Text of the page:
Bill Belichick is insane.
Right? He must be, because didn’t Albert Einstein define insanity as doing the same thing over and over again and expecting different results each time?
And wasn’t it Bill Belichick that began the 2012 season attempting to win it all with talent across the board, everywhere but in the secondary which had been an albatross for him since his last NFL Title in 2004? That’s 8 years of trying to get by with a patchwork secondary and, not coincidentally, eight years of falling short despite having arguably the best team overall in the National Football League during that period.
Not to mention the lack of quality depth, because if you’re trying to hold things together with duct tape and prayers, it goes to figure that any depth that you had was already in the mix.
Those things being said and documented, what assurances do Patriots’ fans have that 2013 is going to be any different? Has Dollar Bill learned from his tribulations and about to break the cycle of protracted insanity?
On paper, the tandem of Aqib Talib and Alfonzo Dennard is potentially one of the better sets of cornerbacks in the AFC, and with athletic free safety Devin McCourty patrolling on the back side and new strong safety Adrian Wilson enforcing things inside the box, the Patriots secondary is no longer considered a liability.
How this came about isn’t as important as why.
When 2012 season began, the Patriots secondary was a place where even bad receivers went to pad their stats. McCourty looked increasingly like a fish out of water at left corner while the promising 2011 campaign of Kyle Arrington disintegrated right before our eyes into a comedy of errors…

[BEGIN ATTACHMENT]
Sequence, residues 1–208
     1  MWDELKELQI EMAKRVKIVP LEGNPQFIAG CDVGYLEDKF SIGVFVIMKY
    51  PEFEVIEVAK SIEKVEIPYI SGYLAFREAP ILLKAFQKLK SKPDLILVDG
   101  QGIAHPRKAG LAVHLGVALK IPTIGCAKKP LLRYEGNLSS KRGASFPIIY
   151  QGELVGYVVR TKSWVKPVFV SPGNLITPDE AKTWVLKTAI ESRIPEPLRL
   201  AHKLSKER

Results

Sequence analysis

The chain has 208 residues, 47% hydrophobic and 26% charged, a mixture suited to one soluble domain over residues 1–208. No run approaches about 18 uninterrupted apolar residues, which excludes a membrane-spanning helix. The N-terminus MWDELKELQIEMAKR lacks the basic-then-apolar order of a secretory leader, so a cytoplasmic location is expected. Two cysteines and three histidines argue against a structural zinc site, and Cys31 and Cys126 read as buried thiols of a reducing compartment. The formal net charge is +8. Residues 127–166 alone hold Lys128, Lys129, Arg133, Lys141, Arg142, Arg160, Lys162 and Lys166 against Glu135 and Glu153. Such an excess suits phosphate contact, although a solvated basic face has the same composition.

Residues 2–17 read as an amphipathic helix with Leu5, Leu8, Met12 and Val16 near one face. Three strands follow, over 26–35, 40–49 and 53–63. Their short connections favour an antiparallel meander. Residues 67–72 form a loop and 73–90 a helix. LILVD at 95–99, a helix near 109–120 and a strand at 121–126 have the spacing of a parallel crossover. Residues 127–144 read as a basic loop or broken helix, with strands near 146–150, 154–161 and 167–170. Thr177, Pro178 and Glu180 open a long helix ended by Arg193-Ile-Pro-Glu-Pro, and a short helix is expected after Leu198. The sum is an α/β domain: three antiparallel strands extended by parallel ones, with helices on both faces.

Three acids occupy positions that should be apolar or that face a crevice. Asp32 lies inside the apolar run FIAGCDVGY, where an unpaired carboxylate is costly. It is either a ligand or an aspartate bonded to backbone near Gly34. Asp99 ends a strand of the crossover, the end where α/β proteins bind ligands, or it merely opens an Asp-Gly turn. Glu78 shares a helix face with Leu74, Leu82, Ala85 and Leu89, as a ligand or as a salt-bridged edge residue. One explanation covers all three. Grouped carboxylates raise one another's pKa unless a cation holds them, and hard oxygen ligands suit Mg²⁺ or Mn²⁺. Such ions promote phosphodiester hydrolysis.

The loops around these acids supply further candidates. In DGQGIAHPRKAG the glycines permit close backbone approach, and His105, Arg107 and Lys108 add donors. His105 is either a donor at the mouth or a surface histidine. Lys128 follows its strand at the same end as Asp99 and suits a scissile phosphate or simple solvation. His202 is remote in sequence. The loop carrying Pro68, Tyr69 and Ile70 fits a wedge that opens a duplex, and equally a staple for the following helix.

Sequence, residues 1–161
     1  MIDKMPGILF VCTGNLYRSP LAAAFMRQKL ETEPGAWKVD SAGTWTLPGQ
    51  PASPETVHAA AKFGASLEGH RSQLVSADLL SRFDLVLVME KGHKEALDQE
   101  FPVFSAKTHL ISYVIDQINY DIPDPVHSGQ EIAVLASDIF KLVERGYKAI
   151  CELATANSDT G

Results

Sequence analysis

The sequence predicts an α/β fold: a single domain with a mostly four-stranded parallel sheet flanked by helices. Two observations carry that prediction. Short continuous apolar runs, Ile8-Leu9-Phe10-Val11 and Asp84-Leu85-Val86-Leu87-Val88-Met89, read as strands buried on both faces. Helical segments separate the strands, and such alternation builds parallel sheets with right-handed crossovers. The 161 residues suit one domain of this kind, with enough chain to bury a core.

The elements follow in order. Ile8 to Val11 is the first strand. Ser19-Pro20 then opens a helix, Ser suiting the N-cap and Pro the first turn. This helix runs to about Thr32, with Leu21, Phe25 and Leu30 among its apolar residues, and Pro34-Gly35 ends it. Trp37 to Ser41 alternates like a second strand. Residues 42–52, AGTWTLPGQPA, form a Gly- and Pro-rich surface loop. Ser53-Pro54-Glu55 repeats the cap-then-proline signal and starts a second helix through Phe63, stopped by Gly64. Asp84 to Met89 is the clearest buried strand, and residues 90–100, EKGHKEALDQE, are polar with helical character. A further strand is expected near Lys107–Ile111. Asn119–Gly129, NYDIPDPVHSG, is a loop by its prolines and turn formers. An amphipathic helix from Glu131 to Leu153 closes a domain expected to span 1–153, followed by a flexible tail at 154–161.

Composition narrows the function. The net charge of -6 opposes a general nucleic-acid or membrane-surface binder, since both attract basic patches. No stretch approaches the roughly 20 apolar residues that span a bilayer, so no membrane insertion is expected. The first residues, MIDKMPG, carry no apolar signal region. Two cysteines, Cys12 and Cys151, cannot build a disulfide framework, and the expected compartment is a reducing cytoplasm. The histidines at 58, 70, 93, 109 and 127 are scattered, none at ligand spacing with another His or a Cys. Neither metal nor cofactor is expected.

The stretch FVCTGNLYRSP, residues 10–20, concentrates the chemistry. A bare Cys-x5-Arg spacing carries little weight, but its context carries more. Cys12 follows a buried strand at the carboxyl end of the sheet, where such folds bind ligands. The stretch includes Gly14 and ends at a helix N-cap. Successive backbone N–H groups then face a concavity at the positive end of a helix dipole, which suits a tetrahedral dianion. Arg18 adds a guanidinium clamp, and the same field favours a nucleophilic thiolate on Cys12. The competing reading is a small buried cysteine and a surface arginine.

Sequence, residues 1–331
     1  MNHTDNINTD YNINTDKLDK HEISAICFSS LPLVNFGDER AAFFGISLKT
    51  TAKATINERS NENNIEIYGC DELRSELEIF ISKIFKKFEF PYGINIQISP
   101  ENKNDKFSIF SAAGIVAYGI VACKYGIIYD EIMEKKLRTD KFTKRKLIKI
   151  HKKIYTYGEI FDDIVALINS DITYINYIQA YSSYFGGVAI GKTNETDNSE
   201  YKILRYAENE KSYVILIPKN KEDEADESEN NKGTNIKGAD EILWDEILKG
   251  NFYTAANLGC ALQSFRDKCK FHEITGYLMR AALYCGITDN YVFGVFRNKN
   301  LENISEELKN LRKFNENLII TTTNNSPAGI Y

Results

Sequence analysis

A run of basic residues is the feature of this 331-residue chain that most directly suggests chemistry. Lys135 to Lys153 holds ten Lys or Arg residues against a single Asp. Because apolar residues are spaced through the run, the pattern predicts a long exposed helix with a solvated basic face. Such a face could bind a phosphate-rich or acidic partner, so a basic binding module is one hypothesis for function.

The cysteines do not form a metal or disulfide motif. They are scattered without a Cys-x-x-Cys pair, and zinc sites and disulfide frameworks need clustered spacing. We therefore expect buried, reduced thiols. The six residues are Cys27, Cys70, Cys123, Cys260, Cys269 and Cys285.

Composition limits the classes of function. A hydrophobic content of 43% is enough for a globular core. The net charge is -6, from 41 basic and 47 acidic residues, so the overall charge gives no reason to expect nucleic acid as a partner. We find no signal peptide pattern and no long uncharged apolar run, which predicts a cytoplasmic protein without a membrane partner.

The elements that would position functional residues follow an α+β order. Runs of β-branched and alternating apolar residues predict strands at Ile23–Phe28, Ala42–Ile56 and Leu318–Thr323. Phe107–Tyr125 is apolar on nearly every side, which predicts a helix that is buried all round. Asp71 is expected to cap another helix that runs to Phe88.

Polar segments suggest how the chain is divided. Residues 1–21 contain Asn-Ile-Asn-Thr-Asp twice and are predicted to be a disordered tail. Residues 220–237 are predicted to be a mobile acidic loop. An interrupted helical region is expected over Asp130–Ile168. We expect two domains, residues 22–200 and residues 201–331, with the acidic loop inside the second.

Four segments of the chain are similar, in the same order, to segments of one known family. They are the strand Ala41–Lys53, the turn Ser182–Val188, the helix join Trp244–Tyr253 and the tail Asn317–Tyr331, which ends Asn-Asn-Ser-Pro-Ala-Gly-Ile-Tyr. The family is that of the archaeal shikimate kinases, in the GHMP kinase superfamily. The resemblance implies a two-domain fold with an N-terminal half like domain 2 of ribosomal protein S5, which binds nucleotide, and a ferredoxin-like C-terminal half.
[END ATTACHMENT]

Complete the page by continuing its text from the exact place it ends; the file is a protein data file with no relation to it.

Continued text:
…the safeties were a combination of hard-hitter-but-not-much-else Patrick Chung and newcomer Steve Gregory – who wanted to be a hard hitter but, being more of a free safety, bounced off tight ends and receivers like a pinball hitting a bumper. Rookies Dennard and Tavon Wilson impressed enough in camp to earn roster spots, but were relegated to back up roles.
Injuries then forced Belichick’s hand. He entered the season with the hopes that 2nd year man Ras-I Dowling would step forward and grasp a starting role opposite McCourty after a hip injury robbed him of his rookie season and Safety Steve Gregory was signed from San Diego, Belichick lauding his football smarts…
…but Dowling hit the skids with another season-ending injury and Gregory, along with strong safety Patrick Chung missed significant time toward the middle of the campaign, forcing the team into the 2011 style plug and play mode, which was a miserable failure in 2012 because there was no Sterling Moore and his Johnny-on-the-spot routine to bail Belichick out this time.
Bill Belichick missed on this one badly – but even he had to be in shock at how things turned south so quickly.
He got lucky with Moore and the rest in 2011, and perhaps if they hadn’t – perhaps if they had gotten stomped in the AFC Championship game, perhaps if Moore hadn’t ripped the ball out of Lee Evans’ hands in the end zone and perhaps had Billy Cundiff not pulled his tying field goal attempt wide left in the final seconds…